Over an over, I see too much emphasis placed on the toxicity of ammonia. The novice aquarist often simply ignores the role that nitrite plays in the overall absorption of nitrogen components within the new aquarium. This process is generally termed the Nitrogen Cycle. This wonderful system removes toxic nitrogenous compounds produced by most of the various organisms, included in an aquarium such as the fish and the bacteria fundamental in the decay and rot of excess organic materials within the habitat.
In a recent article on the Nitrogen Cycle titled The Nitrogen Cycle in Laymans Terms, www.swellUK.com attempts to give a description of the Nitrogen cycle, the problem here is that the focus is not on all three components of the cycle, rather the focus is on the ammonia production in the aquarium. Although this can be deadly if the pH is high – from a neutral 7.0 and higher. If the the aquarium is acid, there is no problem with the ammonium that is there. I much prefer to deal with the more pervasive killer, in my opinion, nitrite, which is not dependent on any other water characteristic to be deadly, and although nominally less dangerous than ammonia, it builds to much higher concentrations and for a longer period of time.
In a massive body of water like a lake, the ammonia would dissipate quite quickly, but in your fishtank it needs a helping hand. Especially in a new aquarium that hasn’t had time to mature, your ammonia levels will likely run high. Bacteria called nitrosomonas cause the ammonia to convert to nitrites (N02) which is better than ammonia but still bad for your fish.
The Nitrogen Cycle is not that complex, at least in its most simplistic description, ammonia (or the less toxic ammonium) is reduced to nitrite by bacteria called Nitrosomonas, then the nitrite is reduced to nitrate by Nitrobacter (in the article above the graphic calls it Nitrospira). While there are differences of opinion on which is the more common and most effective, the result is nitrate which remains in the aquarium and can build up to high concentrations as well. It takes very high concentrations to cause trouble in most cases, but regular water change techniques eliminate this problem when faithfully done.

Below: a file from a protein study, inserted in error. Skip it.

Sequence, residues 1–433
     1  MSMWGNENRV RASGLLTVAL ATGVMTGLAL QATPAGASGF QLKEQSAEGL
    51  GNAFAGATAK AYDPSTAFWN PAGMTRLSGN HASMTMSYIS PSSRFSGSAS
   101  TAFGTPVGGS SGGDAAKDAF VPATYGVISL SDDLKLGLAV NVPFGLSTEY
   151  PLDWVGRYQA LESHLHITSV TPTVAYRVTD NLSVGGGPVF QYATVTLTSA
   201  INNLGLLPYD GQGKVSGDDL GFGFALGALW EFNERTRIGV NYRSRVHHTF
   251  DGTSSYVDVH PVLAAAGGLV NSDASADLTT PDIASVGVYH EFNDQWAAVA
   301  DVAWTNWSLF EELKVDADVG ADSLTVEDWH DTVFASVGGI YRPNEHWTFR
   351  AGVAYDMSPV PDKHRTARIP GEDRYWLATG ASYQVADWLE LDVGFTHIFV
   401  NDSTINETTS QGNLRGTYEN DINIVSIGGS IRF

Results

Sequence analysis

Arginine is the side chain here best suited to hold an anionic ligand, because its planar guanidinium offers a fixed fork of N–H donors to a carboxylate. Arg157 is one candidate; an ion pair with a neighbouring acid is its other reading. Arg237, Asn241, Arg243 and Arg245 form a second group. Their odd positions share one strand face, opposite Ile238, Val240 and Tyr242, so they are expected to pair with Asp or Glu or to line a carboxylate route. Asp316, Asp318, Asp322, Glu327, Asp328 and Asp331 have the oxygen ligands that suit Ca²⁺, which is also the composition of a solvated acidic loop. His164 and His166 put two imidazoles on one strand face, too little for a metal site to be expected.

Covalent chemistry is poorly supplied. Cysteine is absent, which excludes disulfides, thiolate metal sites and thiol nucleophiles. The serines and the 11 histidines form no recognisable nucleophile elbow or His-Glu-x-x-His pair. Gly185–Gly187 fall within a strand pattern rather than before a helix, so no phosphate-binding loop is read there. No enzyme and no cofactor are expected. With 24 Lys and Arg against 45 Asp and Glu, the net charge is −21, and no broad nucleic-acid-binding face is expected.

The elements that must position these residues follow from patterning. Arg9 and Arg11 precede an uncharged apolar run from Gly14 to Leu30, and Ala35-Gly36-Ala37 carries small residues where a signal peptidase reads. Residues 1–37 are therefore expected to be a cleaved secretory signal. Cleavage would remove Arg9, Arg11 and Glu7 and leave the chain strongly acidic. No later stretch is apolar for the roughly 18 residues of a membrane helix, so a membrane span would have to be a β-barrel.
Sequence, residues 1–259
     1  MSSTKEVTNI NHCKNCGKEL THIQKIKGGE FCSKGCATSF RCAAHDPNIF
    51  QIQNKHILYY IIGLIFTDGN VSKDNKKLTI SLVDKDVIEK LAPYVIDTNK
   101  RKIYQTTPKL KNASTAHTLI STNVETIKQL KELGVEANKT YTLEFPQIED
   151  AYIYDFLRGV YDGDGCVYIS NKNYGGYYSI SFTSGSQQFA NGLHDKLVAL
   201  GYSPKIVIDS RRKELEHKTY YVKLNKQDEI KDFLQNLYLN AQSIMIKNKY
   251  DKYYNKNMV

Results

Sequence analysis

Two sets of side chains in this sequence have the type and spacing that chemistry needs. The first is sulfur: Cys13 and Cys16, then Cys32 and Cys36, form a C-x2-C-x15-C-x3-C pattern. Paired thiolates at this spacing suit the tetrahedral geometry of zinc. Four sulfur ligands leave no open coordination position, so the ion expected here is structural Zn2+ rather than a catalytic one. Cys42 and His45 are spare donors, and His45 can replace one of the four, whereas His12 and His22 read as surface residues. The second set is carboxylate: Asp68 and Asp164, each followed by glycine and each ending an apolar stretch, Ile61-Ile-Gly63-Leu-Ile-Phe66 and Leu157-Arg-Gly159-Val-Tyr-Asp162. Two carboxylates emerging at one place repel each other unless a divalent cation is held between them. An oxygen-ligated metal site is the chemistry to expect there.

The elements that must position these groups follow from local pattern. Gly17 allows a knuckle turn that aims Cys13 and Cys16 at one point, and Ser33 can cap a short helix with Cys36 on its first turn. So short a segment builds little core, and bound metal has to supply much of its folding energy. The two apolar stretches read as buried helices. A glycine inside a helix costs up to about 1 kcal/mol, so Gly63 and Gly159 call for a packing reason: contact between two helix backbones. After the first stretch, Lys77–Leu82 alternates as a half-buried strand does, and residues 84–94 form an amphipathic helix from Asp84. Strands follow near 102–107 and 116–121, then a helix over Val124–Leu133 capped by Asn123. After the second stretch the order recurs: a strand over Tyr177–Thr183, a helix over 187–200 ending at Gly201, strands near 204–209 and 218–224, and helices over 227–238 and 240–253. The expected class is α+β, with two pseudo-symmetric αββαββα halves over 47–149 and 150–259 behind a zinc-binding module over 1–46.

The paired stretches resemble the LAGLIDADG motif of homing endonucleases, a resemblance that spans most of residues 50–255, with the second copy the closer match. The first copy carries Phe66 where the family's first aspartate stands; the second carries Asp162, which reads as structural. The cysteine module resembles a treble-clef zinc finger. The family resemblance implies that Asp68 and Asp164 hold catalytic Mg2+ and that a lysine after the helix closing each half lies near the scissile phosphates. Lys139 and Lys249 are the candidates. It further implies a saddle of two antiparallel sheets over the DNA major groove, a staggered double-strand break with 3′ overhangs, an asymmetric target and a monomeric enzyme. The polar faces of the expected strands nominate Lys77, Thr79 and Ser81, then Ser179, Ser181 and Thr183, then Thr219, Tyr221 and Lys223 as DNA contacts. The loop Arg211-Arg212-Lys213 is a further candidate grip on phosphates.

The Nitrogen Cycle Ammonia -> Nitrite -> Nitrate
The Nitrogen Cycle is more fully discussed in its section at Freshwater-Tropical-Fish-Tanks where the roles of the various compounds produced in the aquarium are more carefully covered. Although ammonia can be important in an aquarium where the pH is 7.0 or above, I believe the bigger problem is nitrite. Granted it is less toxic initially, but it does build up to greater concentration and in a normal tank, hangs around much longer, so the damage it can do is greater as a result. The final by-product is nitrate – a common fertilizer for aquatic plants. It never dissipates and unless there is a strong population of live plants, all it can do is concentrate over time. This is the main reason partial water changes are so important. Nitrate can only be diluted by removing a highly concentrated aquarium water and replacing with low concentration tap water. When plants are involved, then a true cycle evolves where the nitrate is adsorbed into the roots and eventually the dead leaves create a new supply of ammonia when they rot.